Kirwin National Wildlife Refuge
Lots of waterfowl here! Located in the Smoky Hills, U-shaped Kirwin Reservoir is formed by Bow Creek and the North Fork of the Solomon River.
Kirwin National Wildlife Refuge, established in 1954, is the first National Wildlife Refuge authorized in Kansas. The refuge of nearly 11,000 acres is in the Central Flyway and one of the last major feeding stops for waterfowl migrating between wintering areas to the south and their northern breeding grounds. It includes the lake, riparian woodlands, nearly 4,000 acres of mixed grass prairie, and about 2,000 acres of cultivated land, which provides nearly 20,000 bushels of corn and milo every year to migrating birds and other wildlife. Management practices also include green winter wheat browse for wintering geese, controlled burning, and short-term intensive grazing to maintain the grasslands.
Stop by the Visitor Center (red star on map below) for information and a look at the interpretive exhibits. The Visitor Center is open 7:30 AM - 4:00 PM Monday-Friday, except holidays.
A colony of black-tailed prairie dogs is on the south side of lake (B on map below). Use one of the benches available to observe these fascinating members of the rodent family. While there, also look for thirteen-lined ground squirrels, black-tailed jackrabbits, mule deer, burrowing owls, horned larks, kingbirds, meadowlarks, kestrels, and red-tailed hawks. Double-crested cormorants and great blue herons nest on the lake. Yellow-headed blackbirds frequent marsh areas, and black-billed magpies forage in the open woodlands. Walk quietly on the nature trail and you may see wild turkey, white-tailed deer and, in summer, a variety of butterflies visiting the diverse array of wildflowers. Any time of year drive slowly in the evenings and early mornings along the roads north of the lake and you will see an amazing number of deer. Migrations bring thousands of shorebirds, wading birds, geese, ducks, white pelicans, and Franklin's gulls to the lake. Winter brings rough-legged hawks, golden and bald eagles, and thousands of mallards and Canada geese.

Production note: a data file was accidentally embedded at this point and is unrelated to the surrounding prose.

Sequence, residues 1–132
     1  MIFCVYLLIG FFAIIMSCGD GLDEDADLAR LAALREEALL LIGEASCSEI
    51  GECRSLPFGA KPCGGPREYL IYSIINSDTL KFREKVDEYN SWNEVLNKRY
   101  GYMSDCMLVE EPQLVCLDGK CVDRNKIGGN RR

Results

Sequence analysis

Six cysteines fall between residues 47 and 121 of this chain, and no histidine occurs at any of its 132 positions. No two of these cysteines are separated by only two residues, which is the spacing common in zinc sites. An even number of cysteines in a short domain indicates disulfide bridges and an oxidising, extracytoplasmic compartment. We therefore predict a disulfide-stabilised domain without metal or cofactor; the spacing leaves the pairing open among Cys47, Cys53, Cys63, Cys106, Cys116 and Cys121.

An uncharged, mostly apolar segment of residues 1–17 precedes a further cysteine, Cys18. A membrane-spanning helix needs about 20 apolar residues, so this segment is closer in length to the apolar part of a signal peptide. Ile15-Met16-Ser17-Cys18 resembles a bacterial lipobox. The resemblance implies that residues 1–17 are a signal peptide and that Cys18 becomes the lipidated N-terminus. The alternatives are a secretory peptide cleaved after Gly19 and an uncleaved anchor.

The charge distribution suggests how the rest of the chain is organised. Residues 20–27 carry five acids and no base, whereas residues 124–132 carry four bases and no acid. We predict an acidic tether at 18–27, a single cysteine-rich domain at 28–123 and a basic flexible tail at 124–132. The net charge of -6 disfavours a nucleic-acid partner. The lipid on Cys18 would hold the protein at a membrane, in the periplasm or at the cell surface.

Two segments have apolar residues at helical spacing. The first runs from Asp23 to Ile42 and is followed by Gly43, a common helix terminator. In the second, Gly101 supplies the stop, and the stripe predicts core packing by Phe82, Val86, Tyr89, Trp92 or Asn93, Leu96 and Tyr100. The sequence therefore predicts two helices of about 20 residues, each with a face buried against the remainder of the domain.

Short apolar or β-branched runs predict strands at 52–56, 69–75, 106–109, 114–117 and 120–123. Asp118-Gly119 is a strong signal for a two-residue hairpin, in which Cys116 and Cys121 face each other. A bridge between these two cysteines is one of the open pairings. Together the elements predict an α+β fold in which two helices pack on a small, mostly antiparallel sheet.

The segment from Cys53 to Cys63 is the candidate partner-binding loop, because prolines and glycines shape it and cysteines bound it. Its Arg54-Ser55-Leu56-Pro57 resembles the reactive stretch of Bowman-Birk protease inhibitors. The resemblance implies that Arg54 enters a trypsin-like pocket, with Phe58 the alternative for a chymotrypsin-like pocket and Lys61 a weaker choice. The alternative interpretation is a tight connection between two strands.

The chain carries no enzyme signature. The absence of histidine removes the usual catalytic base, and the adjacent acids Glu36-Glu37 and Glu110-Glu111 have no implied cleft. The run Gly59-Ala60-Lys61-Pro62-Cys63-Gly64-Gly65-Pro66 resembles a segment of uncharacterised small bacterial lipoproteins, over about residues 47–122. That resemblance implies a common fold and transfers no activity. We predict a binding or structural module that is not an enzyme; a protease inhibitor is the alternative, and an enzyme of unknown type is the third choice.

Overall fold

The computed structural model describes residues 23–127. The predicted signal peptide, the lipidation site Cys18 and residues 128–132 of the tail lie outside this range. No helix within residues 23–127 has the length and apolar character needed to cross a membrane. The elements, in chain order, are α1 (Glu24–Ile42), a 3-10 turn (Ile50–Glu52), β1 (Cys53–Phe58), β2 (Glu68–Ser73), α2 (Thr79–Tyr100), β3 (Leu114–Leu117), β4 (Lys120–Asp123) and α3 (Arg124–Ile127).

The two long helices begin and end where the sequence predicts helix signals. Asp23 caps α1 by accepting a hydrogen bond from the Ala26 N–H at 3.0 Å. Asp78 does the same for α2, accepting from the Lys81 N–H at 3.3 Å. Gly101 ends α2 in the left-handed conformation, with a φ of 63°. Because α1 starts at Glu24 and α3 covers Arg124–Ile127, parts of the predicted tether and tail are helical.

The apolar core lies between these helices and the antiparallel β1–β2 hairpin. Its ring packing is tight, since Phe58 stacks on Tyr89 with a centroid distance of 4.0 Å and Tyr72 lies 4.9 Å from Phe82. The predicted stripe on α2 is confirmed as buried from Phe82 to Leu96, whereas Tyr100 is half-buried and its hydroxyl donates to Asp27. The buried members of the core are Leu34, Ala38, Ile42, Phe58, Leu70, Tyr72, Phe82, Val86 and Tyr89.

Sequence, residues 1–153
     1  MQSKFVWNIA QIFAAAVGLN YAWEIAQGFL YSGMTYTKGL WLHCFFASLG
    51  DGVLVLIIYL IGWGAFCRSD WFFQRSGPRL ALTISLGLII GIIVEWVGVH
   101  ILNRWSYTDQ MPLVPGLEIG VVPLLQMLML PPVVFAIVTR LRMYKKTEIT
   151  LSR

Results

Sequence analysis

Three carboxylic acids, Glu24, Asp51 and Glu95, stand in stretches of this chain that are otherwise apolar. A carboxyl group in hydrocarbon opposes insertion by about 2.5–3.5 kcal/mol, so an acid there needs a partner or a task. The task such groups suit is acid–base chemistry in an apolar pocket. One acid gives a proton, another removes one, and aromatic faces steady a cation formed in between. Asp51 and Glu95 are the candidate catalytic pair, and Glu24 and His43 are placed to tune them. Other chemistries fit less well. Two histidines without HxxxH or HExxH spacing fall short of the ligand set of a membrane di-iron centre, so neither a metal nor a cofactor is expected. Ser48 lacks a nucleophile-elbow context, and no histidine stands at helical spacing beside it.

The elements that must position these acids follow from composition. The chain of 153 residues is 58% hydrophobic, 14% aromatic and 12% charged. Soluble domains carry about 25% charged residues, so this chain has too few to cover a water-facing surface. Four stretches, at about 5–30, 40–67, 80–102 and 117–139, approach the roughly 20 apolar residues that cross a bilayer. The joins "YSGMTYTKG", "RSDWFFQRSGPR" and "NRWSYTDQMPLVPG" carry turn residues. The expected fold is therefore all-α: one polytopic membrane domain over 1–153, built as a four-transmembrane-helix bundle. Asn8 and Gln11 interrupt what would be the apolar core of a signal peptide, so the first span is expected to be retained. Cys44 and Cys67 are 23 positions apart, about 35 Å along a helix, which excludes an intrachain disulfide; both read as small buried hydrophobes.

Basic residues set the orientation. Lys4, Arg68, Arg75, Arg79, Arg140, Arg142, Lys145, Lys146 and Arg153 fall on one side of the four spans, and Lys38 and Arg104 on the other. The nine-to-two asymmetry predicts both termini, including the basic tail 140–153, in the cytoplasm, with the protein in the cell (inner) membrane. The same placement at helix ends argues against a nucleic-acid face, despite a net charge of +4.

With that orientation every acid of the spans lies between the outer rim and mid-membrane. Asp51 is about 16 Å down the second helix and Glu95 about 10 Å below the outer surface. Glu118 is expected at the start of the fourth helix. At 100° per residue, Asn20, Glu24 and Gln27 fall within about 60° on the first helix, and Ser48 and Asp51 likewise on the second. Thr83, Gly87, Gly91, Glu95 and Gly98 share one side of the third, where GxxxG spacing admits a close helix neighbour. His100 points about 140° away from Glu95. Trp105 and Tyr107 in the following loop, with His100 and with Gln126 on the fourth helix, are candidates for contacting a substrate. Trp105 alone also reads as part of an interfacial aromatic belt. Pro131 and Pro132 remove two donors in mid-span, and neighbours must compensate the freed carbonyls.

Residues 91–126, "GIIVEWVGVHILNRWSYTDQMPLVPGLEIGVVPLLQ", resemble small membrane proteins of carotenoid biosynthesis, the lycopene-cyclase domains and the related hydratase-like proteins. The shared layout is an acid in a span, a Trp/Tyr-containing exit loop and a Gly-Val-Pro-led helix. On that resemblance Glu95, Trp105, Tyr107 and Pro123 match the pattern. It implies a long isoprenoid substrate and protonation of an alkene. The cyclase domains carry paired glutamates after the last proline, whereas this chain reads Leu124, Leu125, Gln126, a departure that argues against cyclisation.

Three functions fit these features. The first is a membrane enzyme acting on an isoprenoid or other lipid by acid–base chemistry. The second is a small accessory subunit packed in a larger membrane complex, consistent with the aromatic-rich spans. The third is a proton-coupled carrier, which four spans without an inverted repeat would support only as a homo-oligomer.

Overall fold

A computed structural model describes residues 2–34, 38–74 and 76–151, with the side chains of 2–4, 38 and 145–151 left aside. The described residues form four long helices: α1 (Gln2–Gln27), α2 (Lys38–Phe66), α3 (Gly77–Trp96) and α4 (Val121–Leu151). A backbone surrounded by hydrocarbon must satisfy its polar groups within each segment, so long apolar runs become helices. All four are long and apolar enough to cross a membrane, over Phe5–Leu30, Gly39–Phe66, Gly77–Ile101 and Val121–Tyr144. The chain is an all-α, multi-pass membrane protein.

Camping not allowed.
1/2 mile hard-surfaced nature trail in the Crappie Point area (A on map below)
The entity responsible for management of Kirwin NWR is below.
U.S. Fish and Wildlife Service (785) 543-6673; 10,778 acres
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